How do you recognize cybersecurity risks to your business?

Close up image of hands on a keyboard. Copy: SMB Series in yellow box. Larger copy: Recognizing Cybersecurity Risks in Your Small Business

By now, the cybersecurity threats facing businesses should be apparent.

In the last few years, bad actors have successfully targeted companies large and small with costly ransomware attacks or data breaches.Unfortunately, no one is outside the reach of those who want to cause harm.

Despite these obvious threats, many companies often think they have enacted the right procedures and controls. When they read these headlines, many ask themselves, “How did that happen?” and, of course, the classic “But that could never happen to a small business like me.”

It may not surprise you to know that many companies asking these questions don’t actually have the right protocols, even though they know the threats exist. Or, equally problematic, they have the wrong protocols but think they have the right ones. Or they may even have the right protocols on paper but aren’t actually following them in their day-to-day work. Each of these scenarios increases the amount of risk your MSP takes on, which creates more risk for your customers, and more liability for you.

Is the threat landscape ever-changing? Yes. Are data breaches, ransomware attacks and other threats going to subside anytime soon? Unlikely! The world simply faces an endless horizon of neverending change and challenges. The good news? while that might seem overwhelming, it also presents a valuable opportunity.

An endless realm of discovery

It’s up to organizations to harness the nearly unlimited data at their disposal to benefit their operations.

Consider that in 2021, users generated 2.5 quintillion bytes of data daily — and it seems that volume will only increase. The cloud could be home to more than 200 zettabytes of data by 2025.

Mining that data is a lot like space exploration. In space, we are continually redefining our focus and areas of exploration, and new tools allow us to see deeper and more clearly, obtain more information, and thoughtfully reallocate resources for maximum impact.

The threat landscape — and specific threats like cybersecurity — is similar. The unfortunate reality (or, fortunate reality if you’re more of a “database is half full” kinda person) is that data is a double-edged sword.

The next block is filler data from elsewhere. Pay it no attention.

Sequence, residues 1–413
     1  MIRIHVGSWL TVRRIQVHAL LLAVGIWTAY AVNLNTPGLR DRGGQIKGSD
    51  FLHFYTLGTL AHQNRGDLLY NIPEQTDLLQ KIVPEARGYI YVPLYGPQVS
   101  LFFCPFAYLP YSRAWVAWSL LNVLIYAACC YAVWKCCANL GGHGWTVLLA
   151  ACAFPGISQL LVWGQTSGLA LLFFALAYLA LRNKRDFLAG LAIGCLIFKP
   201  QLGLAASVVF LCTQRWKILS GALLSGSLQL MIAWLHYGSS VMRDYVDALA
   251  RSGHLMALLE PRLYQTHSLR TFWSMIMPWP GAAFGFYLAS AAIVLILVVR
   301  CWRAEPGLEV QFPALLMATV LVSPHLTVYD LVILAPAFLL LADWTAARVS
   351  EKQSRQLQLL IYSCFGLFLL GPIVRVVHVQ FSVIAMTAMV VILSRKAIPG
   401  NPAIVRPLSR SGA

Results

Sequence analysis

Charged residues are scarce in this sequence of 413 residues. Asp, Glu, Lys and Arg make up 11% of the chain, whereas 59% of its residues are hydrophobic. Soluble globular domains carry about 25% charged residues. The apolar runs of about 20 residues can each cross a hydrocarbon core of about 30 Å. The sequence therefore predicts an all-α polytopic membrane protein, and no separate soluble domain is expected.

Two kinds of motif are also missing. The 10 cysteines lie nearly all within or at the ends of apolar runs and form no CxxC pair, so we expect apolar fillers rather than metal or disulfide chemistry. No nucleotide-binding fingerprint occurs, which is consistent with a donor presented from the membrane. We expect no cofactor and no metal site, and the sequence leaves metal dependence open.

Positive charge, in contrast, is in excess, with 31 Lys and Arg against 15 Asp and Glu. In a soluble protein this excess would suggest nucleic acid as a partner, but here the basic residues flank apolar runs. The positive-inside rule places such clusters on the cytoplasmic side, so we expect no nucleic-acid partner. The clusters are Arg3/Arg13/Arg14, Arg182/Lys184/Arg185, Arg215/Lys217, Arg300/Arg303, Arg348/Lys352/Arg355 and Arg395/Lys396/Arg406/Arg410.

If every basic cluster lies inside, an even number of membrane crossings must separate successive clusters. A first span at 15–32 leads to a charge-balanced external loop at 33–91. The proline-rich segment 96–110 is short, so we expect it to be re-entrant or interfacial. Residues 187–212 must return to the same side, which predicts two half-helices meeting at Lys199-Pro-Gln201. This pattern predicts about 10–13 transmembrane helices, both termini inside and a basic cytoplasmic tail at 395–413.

Companies that wish not only to survive, but to thrive, must reinvent their security or adopt new procedures using the proliferation of new tools, vendors, processes, and security frameworks. Otherwise, the prospect of keeping up not only seems unrealistic – it is.

New threats or information overload?

The landscape is changing, in part, because we have more insight. We now have the power to collect more detailed and granular data, and we have the tools to make that data intelligible and comprehensible to our relatively puny human minds.

New threats are on the horizon and threat actors are becoming more invasive, and they’re becoming more resilient in their operations. But at the same time, these threat has always been present; they’re simply more apparent today than ever (which is in itself a good thing).

Whether a company relies on physical technology or the cloud, threat actors don’t discriminate; we’re seeing the same attacks focusing on organizations that are less physical and more focused on the cloud.

Data brings with it new tools and processes that allow businesses to tackle long-standing problems in new ways. With new insights, education and frameworks, companies have more accessible, usable resources to be better prepared to face the threats that are out there. It’s one thing to know all of the best practices, but as any cybersecurity expert could tell you, actually putting them into practice and integrating them into your regular workflows is a whole nother challenge.

Every decision today must be data-driven

It’s no secret that data is the driver of everything today, and often, that’s what threat actors are going after. If they get into a system, they get into a database, take a company’s data, encrypt it, and send an empty bag for you to fill with money to get it back (now, whether you get your data back after you pay, or whether you get hit with additional fines for paying sanctioned international actors is another story).

The impetus for security and technology professionals is to maintain their due diligence and stay educated about the evolving landscape (both the threats out there and the tools available to protect against them). In many cases, the challenge rests on the user – can you not only use your stack to gather the necessary data but can you act on it? Can you use your stack as a resource to maintain cybersecurity compliance, or is it a hindrance? Can you figure out how to delegate more tasks to automation so you can focus on performing the work that truly only you can do?

How do we do that? Stay tuned for more.

In the meantime, if you want to learn more about the cybersecurity standards Managed Service Providers (MSPs) are using, read more at Why CIS Matters.


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